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Water conservation: Top 10 tips to conserve water, save money

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It is up to us as good stewards to take consistent, responsible steps to reduce our water usage and conserve water. To address the vital issue of water conservation, BOMA has compiled a list of 10 steps to help property and facility managers conserve water and make a positive impact.

1. Detect and repair leaks. Before you begin implementing extensive water conservation measures, conduct a maintenance review to make sure your building is leak-free. Even small leaks can cause a loss of up to 7 gallons of water a day per toilet, and extensive toilet leaks can lead to a loss of more than 100 gallons per day. Toilet, faucet and showerhead leaks can quickly be repaired, often with the replacement of a cheap gasket or flapper valve.

2. Install aerators. One of the fastest and easiest ways to reduce water is to install low-flow aerators. Screw-on aerators for bathroom faucets can be purchased for around $2 and can be installed with minimum effort for maximum conservation, saving from half a gallon of water per faucet to more than 4 gallons per faucet on a given day.

3. Insert water displacement devices. If you're not ready to install low-flow toilets, consider using displacement devices such as toilet inserts for large toilet tanks. These devices take up toilet tank space, thereby limiting the amount of water used. They can be purchased for under $2 and can conserve up to 3 gallons of water per day.

4. Monitor activities with sensors. Sensor monitoring continues to grow, including the use of cooling tower sensors and motion-sensor faucets for water conservation. The Handbook for Water Use and Conservation postulates that using soil moisture sensors/probes and rain sensors can reduce outdoor water use by up to 10 percent. For more information about the benefits of sensor use, contact your landscaper and building engineer.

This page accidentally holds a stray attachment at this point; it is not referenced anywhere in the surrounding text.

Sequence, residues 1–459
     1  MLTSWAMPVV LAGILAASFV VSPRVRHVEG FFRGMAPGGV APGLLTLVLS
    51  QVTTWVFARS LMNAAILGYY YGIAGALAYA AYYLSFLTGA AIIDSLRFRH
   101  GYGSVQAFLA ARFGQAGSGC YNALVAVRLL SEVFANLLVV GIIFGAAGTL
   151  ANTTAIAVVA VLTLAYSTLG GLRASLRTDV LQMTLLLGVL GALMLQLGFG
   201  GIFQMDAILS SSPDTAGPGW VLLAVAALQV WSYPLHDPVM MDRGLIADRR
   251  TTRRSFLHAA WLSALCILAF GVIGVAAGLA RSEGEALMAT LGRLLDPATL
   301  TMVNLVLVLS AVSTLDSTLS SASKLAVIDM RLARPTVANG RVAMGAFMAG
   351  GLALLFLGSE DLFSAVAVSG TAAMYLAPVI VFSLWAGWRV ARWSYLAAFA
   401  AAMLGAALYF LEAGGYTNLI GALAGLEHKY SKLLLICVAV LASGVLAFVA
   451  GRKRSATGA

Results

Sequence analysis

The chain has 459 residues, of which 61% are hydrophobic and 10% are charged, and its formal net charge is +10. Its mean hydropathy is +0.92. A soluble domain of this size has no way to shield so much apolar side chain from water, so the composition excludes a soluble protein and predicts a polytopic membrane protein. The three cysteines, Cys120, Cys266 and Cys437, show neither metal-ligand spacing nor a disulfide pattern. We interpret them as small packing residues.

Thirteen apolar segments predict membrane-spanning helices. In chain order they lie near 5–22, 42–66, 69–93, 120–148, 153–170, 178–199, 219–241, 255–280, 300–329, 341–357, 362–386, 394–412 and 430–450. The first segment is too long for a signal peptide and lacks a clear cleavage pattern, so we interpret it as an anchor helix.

5. Implement "dry" cleaning methods. Using a broom, squeegee or dry vacuum cleaner for "dry" instead of "wet" cleaning can save gallons of water. By switching from wet to steam cleaning, mopping floors instead of hosing them, and sweeping parking and sidewalk areas, you can save up to 80 gallons of water per activity.

6. Consider your cooling tower. Water conservation in buildings increasingly involves water cooling towers. Adjust your tower float valve assemblies and cooling tower condensers for less bleed-off, and collect the run-off HVAC water to use in your landscaping. Whatever your recycling method, be sure to evaluate your cooling tower as part of your water conservation efforts. Doing so can save gallons of water each day.

7. Reduce water pressure. Reducing water pressure is being floated as a long-term water conservation method. High water pressure can strain tubing and valves and can cause leaks. Pressure reducing valves (PRVs) reduce the amount of water lost from water main breaks and pipe leaks, and reduce the amount of water being used. Check with your building engineers to see if your building's PRVs can be used more effectively.

8. Xeriscape your outdoor areas. Xeriscaping is a seven-step comprehensive process that can reduce outdoor water use by as much as 50 percent. A popular method in other drought-ridden states, xeriscaping effectively combines planting and design, soil analysis and improvements, plant selection, turfgrass management, irrigation, mulches and maintenance. To learn more about xeriscaping, contact your landscaper.

9. Conserve energy. Using less energy can actually conserve water. Volumes of water are needed to produce the energy that powers your buildings. The less energy you use, the more water you conserve. By turning off unneeded lights, using energy-efficient lighting fixtures and restricting HVAC use during the weekend, you can save gallons of water.

10. Communicate, communicate, communicate. Consistent communication is one of the best -- and easiest -- water conservation strategies. Remind your tenants, your vendors and yourself about the importance of water conservation with daily, weekly or monthly e-mails, bulletin board postings or other messages to communicate the impact of conservation. You will see your communication pay off.

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